Quick Links
Home Page
Site Map
Monitors
Search Mampam.com
       You are here: Home > Captive Care > Pet Crocodile Monitors
Butaan Project camera trap archive
Main Menu
Home
About Mampam
Viper Press
Contact Us
Book Reviews
Varanus Species A-Z
Monitors
Monitor Lizard News
Little Book
Captive Care
Species List
Butaan Project
Magazine Articles
Monitors
Caspian Monitor
Wall of Shame
Wall of Praise
Library
Varanus A-Z
Projects
Butaan Project
Savannah Monitors
Bui Hippo Project
Frogs of Coorg
Polillo Project
Madagascar Bats
Western Visayas
Turkmenistan
Library
Monitor Lizards
Glossop

 

Pet Crocodile Monitors Print E-mail
ImageThe crocodile monitor, Varanus salvadorii, is perhaps responsible for more hospital visits than any other lizard in the USA, despite the fact that only about 200 are legally imported each year. Crocodile monitors have a remarkable set of teeth that inflict deep and severe flesh wounds. The most serious result in permanent disability and almost all crocodile monitor bites leave permanent scars. Read about people's experiences with Varanus salvadorii in our review.

Links

Proexotics prublished an interesting article on bites from crocodile monitor lizards

Pet crocodile monitor escapes to a school playground 

Link to Honolulu Zoo page, not recommended!

Not recommended method of handling croc monitor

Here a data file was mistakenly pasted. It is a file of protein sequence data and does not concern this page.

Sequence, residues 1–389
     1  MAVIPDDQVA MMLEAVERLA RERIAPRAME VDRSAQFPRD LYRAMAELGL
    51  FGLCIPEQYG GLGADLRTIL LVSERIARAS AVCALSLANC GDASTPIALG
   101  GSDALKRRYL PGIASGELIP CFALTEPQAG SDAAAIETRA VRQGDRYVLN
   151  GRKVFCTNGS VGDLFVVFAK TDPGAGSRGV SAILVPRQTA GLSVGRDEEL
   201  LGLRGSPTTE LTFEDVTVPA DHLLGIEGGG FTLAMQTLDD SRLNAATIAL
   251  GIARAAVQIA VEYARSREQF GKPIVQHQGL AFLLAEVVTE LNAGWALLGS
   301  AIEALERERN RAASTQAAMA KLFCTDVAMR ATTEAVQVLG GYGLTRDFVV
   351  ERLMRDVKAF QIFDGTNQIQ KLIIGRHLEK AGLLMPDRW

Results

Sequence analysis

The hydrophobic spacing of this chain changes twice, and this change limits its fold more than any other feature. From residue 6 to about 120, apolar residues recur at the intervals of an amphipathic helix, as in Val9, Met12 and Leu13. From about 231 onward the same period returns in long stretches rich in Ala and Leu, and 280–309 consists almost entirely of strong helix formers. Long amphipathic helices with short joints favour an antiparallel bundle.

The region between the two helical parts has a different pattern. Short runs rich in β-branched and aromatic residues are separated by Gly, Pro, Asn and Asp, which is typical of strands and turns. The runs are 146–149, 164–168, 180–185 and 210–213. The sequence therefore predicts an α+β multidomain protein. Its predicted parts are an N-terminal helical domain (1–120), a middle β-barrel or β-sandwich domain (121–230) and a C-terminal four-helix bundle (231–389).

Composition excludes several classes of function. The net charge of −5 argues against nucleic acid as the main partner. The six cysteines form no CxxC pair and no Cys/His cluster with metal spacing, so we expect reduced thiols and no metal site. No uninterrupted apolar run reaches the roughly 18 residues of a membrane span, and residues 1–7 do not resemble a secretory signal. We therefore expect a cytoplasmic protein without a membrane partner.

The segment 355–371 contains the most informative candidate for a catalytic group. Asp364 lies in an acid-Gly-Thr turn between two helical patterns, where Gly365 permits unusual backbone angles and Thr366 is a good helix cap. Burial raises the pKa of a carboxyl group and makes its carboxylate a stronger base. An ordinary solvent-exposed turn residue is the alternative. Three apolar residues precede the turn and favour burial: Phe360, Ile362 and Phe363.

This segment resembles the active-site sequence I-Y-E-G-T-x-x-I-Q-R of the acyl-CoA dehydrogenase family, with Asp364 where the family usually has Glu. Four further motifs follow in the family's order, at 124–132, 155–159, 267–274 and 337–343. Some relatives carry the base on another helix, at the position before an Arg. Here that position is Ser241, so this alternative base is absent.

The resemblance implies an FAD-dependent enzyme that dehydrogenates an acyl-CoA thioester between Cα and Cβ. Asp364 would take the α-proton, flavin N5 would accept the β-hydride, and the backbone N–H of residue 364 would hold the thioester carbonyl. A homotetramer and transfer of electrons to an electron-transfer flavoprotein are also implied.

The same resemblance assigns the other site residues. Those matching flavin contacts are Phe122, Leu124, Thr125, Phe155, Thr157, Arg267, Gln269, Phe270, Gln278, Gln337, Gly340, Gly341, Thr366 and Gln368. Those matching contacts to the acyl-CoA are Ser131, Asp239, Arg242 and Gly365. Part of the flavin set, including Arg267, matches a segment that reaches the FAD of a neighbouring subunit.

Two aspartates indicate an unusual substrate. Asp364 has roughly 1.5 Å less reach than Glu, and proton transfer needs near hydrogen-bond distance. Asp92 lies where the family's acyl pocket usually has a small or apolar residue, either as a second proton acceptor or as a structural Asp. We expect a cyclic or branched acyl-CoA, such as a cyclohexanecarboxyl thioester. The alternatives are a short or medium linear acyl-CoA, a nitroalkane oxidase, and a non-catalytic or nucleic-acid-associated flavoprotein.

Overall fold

Link to Bali Bird Park - Not recommended!

Pet croc monitor - not recommended! 

Pet croc monitor - not recommended

Pet croc monitor - not recommended

 
 

 

About Mampam
Savannah Monitor Book

 

Our pet-owners' guide to savannah monitor lizard is the first ever written by people who have studied the animals in the wild and bred them in captivity. There are at least seven books in print about the savannah monitor, but we think this is the only one worth reading! Last few available 

bokcoverall-200.jpg

 

 

 

 

 

 

  

 

Worldwide orders available

 

 
Help Mampam
The Butaan Project
The Butaan Project - Conservation

polillomap1.jpgThe dark green patch at center left in this unmanipulated Google Earth image is the last remaining fragment of unlogged lowland dipterocarp forest on Polillo Island, and our main study site for the last 11 years. Less than one square mile in size (220ha) and less than 100m above sea level, the Sibulan Watershed Reserve has lost much of its secondary boundary forest over the last six years through illegal and uncontrolled agricultural activities. 

Read more...
 

 

© 2019 Mampam Conservation